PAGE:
Hollande, who took office in May, announced on Friday (14 September) he would shut the Fessenheim nuclear station in Alsace, near the German border, by the end of 2016, sticking to his election pledge to halt its operations by the end of his mandate in 2017.
The facility, which went into service in 1977, is France's oldest nuclear power plant and has been a frequent focus of safety concerns since the 2011 earthquake and tsunami in Japan that triggered the Fukushima nuclear disaster.
Last week environmental groups called for its early closure after a steam leak at the plant triggered a brief fire alert.
France derives 75% of its electricity from nuclear production, more than any other country, and the issue of its nuclear dependency has become particularly sensitive in the wake of last year's Fukushima disaster in Japan. Hollande repeated his pledge to cut the country's share of nuclear power in the energy mix to 50%.
Hollande's announcement on the early closure has dealt a blow to the nuclear industry, and drawn criticism from unions which are worried about job losses.
In an interview with the Journal du Dimanche, Bernard Thibault, head of French energy group EDF's main workers' union, the CGT, called the decision "rushed" and said it had been made before the country had even started a debate on its energy transition.
Fracking ban to be maintained
Hollande, speaking at an environmental conference in Paris, also announced he has rejected several applications to begin extracting natural gas and oil from shale using hydraulic fracking, which uses a high-pressure mixture of sand, water and chemicals to extract petroleum.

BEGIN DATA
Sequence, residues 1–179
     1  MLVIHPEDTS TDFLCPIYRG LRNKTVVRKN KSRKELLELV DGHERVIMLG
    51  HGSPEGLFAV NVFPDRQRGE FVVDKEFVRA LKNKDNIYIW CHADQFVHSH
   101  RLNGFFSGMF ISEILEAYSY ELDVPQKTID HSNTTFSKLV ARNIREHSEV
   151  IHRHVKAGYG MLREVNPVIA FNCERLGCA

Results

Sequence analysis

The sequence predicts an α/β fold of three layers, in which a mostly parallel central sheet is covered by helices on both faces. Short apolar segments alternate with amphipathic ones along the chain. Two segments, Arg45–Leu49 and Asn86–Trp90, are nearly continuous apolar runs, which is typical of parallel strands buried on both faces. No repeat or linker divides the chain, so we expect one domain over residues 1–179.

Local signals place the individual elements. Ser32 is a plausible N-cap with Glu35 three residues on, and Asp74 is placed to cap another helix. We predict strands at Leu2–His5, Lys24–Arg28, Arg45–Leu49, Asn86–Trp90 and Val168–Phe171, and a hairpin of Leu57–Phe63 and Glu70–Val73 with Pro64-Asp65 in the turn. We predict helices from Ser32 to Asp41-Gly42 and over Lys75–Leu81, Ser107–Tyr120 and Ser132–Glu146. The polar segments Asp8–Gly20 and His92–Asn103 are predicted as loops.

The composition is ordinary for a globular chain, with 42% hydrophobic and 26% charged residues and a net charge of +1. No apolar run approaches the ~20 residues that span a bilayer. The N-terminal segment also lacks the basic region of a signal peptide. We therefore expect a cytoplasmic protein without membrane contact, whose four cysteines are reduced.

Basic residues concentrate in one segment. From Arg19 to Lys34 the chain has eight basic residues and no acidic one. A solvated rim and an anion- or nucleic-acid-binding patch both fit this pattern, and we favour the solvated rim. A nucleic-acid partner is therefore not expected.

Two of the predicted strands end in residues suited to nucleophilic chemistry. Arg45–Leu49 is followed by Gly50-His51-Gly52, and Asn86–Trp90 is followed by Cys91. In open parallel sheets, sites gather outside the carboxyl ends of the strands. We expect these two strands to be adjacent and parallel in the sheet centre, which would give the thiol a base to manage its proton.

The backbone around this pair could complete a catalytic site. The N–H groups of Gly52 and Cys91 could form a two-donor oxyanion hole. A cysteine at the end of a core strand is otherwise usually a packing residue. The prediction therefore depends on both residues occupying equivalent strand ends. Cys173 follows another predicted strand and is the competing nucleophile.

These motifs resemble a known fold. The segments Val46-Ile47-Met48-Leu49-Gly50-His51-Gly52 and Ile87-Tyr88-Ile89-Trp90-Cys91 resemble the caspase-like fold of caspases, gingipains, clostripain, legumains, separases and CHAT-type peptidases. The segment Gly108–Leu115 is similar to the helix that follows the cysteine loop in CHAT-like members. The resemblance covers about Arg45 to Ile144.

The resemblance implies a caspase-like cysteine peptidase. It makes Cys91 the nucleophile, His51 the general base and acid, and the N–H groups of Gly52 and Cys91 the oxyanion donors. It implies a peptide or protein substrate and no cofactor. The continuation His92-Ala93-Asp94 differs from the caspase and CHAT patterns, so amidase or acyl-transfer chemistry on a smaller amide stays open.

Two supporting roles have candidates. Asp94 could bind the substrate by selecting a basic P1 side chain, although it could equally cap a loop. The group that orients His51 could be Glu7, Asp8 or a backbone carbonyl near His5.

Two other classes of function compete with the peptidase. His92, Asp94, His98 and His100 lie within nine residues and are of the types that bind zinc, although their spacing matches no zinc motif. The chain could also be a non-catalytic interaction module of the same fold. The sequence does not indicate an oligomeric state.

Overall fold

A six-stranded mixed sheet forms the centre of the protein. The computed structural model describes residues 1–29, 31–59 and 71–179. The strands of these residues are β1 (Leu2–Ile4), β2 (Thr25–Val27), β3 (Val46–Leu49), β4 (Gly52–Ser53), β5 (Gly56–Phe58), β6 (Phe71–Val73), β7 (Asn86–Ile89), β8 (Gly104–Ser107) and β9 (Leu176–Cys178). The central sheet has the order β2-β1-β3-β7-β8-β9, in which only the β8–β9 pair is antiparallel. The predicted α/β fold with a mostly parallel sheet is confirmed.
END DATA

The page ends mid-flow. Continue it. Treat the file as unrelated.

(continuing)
The decision was made out of health and environmental concerns, news reports quoted Hollande as saying. His predecessor, Nicholas Sarkozy, also banned fracking, a technology that is being widely developed in the United States and is being considered in several European Union countries, including Poland.
Hollande also recommended a 40% cut in European Union carbon dioxide emissions by 2030 and a 60% reduction by 2040, calling too for a global accord on climate change by 2015.
"Our next goal is to reach a global climate agreement in 2015. France is fully committed to achieving this," Hollande told an annual environmental conference.
He said he intended to push for more global dialogue on environmental issues during his five-year presidency, saying a lack of progress in meeting climate goals made this urgent.
The EU has set itself a legally binding goal to reduce its emissions by 20% from 1990 levels by 2020. In October 2009, EU leaders endorsed a long-term target of reducing collective developed country emissions by 80-95% by 2050 compared to 1990 levels. This is in line with the recommendations of the UN's scientific arm - the Intergovernmental Panel on Climate Change (IPCC) - for preventing catastrophic changes to the Earth's climate.